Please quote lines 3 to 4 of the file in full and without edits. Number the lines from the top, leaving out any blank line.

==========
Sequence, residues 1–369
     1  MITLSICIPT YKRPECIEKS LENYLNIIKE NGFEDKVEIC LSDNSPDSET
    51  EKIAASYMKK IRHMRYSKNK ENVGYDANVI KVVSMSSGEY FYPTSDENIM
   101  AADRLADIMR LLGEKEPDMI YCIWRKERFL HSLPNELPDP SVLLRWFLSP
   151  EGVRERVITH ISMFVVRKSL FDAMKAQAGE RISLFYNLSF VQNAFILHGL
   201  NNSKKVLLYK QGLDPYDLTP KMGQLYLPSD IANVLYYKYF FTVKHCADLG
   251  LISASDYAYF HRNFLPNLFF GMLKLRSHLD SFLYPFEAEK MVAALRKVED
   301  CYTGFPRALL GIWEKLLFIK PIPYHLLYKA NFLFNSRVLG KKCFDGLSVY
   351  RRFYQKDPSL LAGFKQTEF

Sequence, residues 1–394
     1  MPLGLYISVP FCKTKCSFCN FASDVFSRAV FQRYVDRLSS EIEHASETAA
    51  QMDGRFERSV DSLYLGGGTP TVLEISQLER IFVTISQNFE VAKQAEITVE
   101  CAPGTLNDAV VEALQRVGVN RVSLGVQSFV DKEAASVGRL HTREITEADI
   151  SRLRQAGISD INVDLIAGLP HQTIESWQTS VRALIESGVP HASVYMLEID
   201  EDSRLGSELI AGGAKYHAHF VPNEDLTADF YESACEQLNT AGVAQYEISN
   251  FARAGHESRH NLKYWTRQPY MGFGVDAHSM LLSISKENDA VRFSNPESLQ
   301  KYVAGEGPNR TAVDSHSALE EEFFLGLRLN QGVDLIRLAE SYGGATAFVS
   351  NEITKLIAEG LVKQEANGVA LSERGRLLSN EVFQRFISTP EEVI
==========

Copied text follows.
    51  EKIAASYMKK IRHMRYSKNK ENVGYDANVI KVVSMSSGEY FYPTSDENIM
   101  AADRLADIMR LLGEKEPDMI YCIWRKERFL HSLPNELPDP SVLLRWFLSP